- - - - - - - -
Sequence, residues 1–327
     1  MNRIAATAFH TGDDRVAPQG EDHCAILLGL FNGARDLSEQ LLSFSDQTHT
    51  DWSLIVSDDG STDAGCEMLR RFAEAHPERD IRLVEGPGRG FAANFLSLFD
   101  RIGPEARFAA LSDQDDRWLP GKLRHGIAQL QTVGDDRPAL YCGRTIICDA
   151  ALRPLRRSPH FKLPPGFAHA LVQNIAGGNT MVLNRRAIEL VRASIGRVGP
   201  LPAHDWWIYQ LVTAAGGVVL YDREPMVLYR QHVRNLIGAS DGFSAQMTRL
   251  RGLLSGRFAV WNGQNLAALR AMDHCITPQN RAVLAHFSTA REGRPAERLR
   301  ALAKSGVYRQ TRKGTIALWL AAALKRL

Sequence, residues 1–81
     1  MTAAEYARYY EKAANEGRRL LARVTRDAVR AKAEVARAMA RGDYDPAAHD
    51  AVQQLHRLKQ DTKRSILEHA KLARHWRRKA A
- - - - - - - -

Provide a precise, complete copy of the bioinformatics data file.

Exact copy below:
Sequence, residues 1–327
     1  MNRIAATAFH TGDDRVAPQG EDHCAILLGL FNGARDLSEQ LLSFSDQTHT
    51  DWSLIVSDDG STDAGCEMLR RFAEAHPERD IRLVEGPGRG FAANFLSLFD
   101  RIGPEARFAA LSDQDDRWLP GKLRHGIAQL QTVGDDRPAL YCGRTIICDA
   151  ALRPLRRSPH FKLPPGFAHA LVQNIAGGNT MVLNRRAIEL VRASIGRVGP
   201  LPAHDWWIYQ LVTAAGGVVL YDREPMVLYR QHVRNLIGAS DGFSAQMTRL
   251  RGLLSGRFAV WNGQNLAALR AMDHCITPQN RAVLAHFSTA REGRPAERLR
   301  ALAKSGVYRQ TRKGTIALWL AAALKRL

Sequence, residues 1–81
     1  MTAAEYARYY EKAANEGRRL LARVTRDAVR AKAEVARAMA RGDYDPAAHD
    51  AVQQLHRLKQ DTKRSILEHA KLARHWRRKA A